Began the microelectronics revolution. Consists of 2 diodes joined back to back by a thin semiconductor layer (the base). p-n-p or n-p-n depending whether the common base is n-type or p-type. Consider a n-p-n bipolar junction transistor (BJT): The 1st n-p junction is Emitter-Base. The 2nd p-n junction is Base-Collector. On turning it on, the emitter junction is forward biased. Electrons are injected into the Base & holes into the Emitter. The holes in the base recombine & have no function. The electrons emitted into the base can recombine or travel. If base is thin, most of the electrons pass through it - reach the reverse biased collector junction & accelerated into the collector. As long as the time required for the injected electrons to diffuse through the base is < minority carrier lifetime, the transistor will permit more current to flow E C than E B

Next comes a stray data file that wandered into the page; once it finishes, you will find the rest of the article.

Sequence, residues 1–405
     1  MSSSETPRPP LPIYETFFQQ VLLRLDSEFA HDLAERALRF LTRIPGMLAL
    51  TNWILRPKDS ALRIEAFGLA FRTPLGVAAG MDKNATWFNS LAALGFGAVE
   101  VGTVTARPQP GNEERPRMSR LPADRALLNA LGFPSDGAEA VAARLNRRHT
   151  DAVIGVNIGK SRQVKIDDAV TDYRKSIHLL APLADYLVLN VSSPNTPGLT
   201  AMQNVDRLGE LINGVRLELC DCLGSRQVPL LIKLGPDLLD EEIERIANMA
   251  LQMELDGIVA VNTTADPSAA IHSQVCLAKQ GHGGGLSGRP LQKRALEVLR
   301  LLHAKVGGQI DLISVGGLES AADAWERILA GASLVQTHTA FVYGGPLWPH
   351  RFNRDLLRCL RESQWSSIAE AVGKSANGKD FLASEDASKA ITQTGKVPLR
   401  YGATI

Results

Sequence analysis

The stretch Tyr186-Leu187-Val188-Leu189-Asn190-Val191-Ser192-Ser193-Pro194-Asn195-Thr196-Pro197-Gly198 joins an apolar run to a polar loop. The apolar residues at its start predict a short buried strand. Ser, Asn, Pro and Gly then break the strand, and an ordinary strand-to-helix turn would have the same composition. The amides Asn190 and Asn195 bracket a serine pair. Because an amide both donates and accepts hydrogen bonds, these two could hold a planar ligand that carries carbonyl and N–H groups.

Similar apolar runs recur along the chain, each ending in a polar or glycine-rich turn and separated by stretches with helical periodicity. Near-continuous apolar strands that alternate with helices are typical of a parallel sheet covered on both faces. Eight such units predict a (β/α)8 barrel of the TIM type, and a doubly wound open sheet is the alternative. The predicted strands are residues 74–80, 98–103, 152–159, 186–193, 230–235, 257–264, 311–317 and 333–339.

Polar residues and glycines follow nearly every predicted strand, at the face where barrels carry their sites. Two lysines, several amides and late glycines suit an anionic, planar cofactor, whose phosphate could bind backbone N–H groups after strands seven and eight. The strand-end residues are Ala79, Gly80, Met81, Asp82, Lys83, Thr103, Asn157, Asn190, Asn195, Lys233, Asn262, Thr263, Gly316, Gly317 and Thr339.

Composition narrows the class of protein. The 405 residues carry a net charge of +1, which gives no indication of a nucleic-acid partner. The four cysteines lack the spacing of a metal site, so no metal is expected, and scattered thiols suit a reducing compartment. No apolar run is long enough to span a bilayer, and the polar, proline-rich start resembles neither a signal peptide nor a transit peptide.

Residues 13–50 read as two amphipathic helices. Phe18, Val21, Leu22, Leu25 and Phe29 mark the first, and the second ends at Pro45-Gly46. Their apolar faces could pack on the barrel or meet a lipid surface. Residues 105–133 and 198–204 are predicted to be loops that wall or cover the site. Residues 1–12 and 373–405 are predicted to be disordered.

Gain, =

i i

icollector

ibase

b t If base is wider than mfp between collisions, carrier must diffuse across the base. Minority Carrier Devices. High gain by high n & low t ie high carrier mobility. This requires high quality materials, low doping & no defects. GaAs has higher electron mobility than Si high n-p-n speeds.

## Semi-conducting & Magnetic Materials

Semiconductor Heterojunctions
Field Effect Transistor
Different from BJT. Current flow by majority carriers. Continuous current path of one conductivity type. E.g., 2 heavily doped n-type regions in a lightly doped p-type substrate. Short p-type region between the n-type regions. The heavily doped n-type regions are called: (a) Source (from where the electron flow) (b) Drain (into which the electrons drain). (c) Gate controls the current. Device is normally off. Conduction is enhanced by applying a negative gate bias relative to the source creates a n-type channel. Source-drain voltage adds to it. Increasing bias voltage provides a wider channel lowers resistance. Speed of FET - depends on time it takes for electrons or holes to transit the channel. Smaller channels shrinking devices faster PC!

MISFET or MOSFET

## Semi-conducting & Magnetic Materials Photovoltaics